These numbers don’t necessarily have to significantly impact monthly student loan payments for undergraduates, but they do in the real world. Median weekly earnings for full-time salaried US women are only 82% of their male counterparts. That discrepancy accentuates seemingly insignificant student loan differences.9

Student cohortTotal debtAverage monthly payment
Male Associate’s degree$19,020$206
Female Associate’s degree$21,720$236
Male Bachelor’s degree$32,620$354
Female Bachelor’s degree$33,820$367
Source: National Council of Education Statistics

African American Bachelor’s Degree Students Pay $404/Month, the Highest Among Racial & Ethnic Groups

Racial and ethnic identity is another matter entirely when it comes to student loan debt, and stark differences play out through the racial wealth gap: On average, Black and Hispanic families own about 24 cents for every $1 of white family wealth.10

The racial wealth gap results in fewer college students of color having enough resources to pay their way without student loan support. The gap also burdens graduates coming out of college with additional financial responsibilities they may not be able to handle as easily as white graduates.

For various reasons, Hispanic students tend to borrow less when they go to college. However, they may face disproportionate challenges in paying off the debt they owe.11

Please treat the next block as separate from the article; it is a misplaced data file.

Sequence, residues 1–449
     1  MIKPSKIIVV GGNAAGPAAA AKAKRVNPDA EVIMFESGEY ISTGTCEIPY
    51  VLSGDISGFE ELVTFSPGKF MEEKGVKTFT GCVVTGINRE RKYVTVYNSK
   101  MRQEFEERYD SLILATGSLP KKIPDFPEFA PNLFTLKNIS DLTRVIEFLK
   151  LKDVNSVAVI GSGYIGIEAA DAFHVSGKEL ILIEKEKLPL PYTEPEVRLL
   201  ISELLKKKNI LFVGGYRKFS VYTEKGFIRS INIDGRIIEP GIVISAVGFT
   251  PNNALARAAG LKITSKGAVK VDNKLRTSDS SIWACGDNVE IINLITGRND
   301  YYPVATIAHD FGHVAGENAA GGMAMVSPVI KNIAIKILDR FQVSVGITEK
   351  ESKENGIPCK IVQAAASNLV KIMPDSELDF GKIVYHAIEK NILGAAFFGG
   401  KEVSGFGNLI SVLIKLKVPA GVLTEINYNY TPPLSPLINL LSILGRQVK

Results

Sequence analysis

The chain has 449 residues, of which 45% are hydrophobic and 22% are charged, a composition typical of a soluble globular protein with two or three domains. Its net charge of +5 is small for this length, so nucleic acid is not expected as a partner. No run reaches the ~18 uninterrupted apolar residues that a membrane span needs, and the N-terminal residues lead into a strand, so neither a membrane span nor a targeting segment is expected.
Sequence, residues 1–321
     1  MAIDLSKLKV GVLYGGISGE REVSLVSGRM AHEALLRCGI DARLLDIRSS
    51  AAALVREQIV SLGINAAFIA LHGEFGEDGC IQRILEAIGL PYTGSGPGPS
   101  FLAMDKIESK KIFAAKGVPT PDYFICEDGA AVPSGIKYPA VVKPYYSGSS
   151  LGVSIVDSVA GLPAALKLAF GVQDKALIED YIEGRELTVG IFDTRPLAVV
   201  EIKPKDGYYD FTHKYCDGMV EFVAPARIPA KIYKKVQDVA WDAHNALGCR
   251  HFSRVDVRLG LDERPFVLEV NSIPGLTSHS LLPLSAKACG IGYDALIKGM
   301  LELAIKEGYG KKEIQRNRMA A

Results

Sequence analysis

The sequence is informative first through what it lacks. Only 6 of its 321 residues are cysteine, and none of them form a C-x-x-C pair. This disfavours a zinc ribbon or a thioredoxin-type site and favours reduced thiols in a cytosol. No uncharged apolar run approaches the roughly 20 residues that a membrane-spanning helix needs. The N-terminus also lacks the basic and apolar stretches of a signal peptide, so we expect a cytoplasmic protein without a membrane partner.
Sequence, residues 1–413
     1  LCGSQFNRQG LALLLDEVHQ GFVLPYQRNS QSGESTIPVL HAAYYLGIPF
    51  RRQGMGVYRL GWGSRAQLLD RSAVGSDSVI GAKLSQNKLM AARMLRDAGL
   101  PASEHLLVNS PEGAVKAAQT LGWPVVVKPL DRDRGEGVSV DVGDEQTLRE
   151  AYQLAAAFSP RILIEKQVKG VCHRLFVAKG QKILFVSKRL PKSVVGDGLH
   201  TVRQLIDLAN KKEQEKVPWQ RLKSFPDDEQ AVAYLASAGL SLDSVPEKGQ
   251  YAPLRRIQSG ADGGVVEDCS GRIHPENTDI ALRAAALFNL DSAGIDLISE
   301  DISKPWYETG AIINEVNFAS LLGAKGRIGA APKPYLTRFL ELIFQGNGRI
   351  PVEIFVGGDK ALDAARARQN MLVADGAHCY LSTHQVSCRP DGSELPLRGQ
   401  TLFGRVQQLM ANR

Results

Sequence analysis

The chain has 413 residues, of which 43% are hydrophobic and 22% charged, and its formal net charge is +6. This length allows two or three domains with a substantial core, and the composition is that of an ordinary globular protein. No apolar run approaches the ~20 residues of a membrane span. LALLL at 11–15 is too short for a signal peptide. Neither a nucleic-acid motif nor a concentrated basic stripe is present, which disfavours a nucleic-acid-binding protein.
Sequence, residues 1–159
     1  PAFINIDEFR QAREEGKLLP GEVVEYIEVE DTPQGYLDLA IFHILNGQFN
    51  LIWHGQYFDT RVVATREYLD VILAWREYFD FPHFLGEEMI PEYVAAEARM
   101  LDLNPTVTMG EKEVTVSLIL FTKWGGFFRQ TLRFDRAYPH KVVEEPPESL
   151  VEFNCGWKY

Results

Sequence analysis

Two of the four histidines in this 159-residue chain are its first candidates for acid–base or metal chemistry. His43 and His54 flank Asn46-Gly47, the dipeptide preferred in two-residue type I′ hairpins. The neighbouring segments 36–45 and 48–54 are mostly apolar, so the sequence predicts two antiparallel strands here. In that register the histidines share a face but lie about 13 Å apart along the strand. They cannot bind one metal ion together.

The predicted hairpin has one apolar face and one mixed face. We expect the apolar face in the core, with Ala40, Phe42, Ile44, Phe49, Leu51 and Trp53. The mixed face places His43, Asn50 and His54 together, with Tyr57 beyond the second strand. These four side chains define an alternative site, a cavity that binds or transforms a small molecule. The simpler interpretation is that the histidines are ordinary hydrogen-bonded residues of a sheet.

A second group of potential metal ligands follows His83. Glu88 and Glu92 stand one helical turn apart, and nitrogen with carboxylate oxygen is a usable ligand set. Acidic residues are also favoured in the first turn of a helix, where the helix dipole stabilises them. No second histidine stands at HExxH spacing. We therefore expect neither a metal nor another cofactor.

Racial/ethnic groupTotal debtAverage monthly payment
Source: National Council of Education Statistics

Private For-Profit Undergraduates Pay $488/Month, the Highest Among Institution Types

Ultimately, the decision to attend a particular college or university may be as much about the experience and connections made as about the academic or classroom expertise offered.

For example, some undergraduate students attend expensive private schools instead of deferring those experiences to graduate school, where they could have more direct career and professional development impact.

Attending a public four-year in-state institution is the best deal, with an average annual tuition of $9,375. Attending a nonprofit four-year private institution costs $35,852 annually — 350% higher than public college tuition.12

That’s why private school undergraduates tend to owe more student loan debt. Many private schools offer significant financial assistance funded through endowments or other means, but the cost of attending a private school results in more debt burden for undergraduates who make that choice.